Left ventricular herniation and incarceration with infarction secondary to a pericardial defect in a dog

Jillian Athey, Wes Baumgartner, Jane Do

Research output: Contribution to journalArticlepeer-review

Abstract

A 2-year-old spayed female Labrador Retriever with clinical signs of heart failure presented to necropsy with a pericardial defect with most of the left ventricle non-reducibly herniated into the pleural space. The herniated cardiac tissue was constricted by a ring of pericardium that allowed subsequent infarction, evidenced by a marked depression on the epicardial surface. A congenital defect was considered more likely than a traumatic cause, since the margin of the pericardial defect was smooth and fibrous. Histologically, the herniated myocardium was acutely infarcted while the epicardium at the defect margin was markedly compressed, including the coronary vessels. This appears to be the first report of ventricular cardiac herniation with incarceration and infarction (strangulation) in a dog. Similar cardiac strangulations may rarely occur in humans with congenital pericardial defects or acquired pericardial defects secondary to blunt trauma or thoracic surgery.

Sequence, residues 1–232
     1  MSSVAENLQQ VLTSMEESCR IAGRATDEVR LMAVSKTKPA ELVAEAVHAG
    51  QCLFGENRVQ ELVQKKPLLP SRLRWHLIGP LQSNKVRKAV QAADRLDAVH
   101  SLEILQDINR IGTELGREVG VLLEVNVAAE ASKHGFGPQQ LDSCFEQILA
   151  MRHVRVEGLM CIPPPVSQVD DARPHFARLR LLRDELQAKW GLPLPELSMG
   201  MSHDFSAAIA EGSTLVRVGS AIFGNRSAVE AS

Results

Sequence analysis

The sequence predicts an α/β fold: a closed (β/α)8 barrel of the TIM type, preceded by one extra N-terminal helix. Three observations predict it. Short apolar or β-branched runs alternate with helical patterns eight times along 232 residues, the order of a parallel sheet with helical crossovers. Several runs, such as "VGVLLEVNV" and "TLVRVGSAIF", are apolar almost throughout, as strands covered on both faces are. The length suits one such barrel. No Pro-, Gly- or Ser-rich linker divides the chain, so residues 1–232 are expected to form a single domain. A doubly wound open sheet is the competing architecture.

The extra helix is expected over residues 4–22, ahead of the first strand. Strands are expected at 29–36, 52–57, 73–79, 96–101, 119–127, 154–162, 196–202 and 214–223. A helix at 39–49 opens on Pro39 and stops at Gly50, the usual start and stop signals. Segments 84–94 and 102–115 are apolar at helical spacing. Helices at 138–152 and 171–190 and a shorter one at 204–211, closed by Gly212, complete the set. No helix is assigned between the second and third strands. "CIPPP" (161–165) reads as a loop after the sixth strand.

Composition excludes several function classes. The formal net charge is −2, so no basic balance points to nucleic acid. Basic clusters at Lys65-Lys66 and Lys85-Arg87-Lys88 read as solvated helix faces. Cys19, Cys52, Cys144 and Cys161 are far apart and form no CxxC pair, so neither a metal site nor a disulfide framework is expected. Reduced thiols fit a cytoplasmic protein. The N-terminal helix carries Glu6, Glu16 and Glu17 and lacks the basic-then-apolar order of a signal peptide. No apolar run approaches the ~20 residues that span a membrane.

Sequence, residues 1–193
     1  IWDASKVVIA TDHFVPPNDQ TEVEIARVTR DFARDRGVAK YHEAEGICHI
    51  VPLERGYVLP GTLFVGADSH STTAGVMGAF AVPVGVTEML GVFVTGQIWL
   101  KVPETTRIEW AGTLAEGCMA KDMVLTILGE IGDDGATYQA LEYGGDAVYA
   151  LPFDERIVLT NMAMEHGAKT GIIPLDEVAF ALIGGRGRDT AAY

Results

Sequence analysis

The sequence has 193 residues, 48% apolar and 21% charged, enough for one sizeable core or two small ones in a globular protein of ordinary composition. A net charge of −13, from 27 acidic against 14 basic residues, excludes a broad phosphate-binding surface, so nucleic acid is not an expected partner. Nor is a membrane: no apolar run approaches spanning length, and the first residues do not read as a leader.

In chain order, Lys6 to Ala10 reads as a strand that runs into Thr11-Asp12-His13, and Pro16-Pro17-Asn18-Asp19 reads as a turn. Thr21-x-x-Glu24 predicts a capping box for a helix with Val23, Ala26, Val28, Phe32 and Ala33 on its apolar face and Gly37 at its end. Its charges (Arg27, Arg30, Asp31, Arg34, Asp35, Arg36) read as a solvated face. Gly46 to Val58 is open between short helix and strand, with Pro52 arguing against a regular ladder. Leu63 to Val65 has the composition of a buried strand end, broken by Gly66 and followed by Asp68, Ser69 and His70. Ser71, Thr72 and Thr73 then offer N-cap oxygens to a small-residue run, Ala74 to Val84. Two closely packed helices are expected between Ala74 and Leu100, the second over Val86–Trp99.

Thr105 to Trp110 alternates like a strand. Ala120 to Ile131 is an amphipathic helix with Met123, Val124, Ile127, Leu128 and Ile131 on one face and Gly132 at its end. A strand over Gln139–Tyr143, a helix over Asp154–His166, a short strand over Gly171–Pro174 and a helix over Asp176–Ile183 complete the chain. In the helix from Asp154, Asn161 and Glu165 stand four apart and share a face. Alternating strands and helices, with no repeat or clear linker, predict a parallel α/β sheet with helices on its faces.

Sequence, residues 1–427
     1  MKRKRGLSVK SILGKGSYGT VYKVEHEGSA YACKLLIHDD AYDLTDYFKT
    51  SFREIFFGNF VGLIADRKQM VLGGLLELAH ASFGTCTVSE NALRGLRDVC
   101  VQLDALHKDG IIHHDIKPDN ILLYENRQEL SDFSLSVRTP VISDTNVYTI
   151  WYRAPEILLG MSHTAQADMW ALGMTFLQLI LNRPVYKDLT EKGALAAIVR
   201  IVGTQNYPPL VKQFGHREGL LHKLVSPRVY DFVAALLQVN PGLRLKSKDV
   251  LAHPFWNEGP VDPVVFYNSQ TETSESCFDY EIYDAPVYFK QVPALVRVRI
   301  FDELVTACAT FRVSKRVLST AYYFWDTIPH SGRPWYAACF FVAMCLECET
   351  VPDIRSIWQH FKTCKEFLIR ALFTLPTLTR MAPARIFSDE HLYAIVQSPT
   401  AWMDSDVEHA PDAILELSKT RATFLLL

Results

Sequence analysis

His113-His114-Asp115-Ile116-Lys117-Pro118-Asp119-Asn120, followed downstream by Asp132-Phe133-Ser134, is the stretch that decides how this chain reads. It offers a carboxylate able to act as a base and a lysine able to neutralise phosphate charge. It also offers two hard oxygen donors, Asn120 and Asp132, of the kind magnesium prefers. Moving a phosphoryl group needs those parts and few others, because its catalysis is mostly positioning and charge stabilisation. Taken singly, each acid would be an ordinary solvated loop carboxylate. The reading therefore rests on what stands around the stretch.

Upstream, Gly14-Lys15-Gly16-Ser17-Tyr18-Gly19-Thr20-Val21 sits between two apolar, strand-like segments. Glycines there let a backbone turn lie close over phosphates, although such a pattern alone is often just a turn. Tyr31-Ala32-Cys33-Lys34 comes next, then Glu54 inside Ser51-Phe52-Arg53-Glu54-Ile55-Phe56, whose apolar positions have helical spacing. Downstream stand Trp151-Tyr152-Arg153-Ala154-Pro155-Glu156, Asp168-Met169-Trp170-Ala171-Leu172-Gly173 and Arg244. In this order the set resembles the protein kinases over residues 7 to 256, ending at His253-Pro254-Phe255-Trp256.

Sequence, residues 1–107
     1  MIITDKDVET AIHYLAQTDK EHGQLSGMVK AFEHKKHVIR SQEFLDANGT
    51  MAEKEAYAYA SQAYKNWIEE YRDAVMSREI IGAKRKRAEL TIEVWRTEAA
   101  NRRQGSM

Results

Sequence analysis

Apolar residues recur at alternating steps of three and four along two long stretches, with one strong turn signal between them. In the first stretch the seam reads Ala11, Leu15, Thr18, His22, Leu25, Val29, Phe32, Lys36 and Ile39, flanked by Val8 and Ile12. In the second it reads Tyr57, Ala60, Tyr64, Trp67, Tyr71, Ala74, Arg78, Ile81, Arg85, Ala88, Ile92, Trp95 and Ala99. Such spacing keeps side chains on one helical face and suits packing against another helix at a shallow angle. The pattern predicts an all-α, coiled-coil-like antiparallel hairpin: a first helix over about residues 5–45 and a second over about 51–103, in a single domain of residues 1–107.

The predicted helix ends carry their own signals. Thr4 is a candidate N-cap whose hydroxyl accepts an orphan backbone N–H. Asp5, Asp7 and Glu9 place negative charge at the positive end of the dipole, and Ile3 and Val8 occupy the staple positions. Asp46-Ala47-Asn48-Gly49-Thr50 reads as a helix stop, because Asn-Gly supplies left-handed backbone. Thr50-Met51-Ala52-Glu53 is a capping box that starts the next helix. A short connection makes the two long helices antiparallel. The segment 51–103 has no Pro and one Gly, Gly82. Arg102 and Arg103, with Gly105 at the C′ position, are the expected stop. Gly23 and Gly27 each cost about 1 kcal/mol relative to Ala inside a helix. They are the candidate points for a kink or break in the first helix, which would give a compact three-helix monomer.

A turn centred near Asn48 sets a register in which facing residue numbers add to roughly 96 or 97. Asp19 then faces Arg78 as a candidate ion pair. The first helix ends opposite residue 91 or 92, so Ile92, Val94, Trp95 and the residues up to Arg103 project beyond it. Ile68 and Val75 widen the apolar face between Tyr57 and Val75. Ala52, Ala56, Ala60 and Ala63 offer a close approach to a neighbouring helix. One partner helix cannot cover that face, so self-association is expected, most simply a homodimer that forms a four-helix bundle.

Original languageEnglish (US)
Pages (from-to)5-7
Number of pages3
JournalJournal of Comparative Pathology
Volume202
DOIs
StatePublished - Apr 2023

Keywords

  • cardiac strangulation
  • dog
  • pericardial defect
  • ventricular herniation
  • ventricular infarction

ASJC Scopus subject areas

  • General Veterinary
  • Pathology and Forensic Medicine

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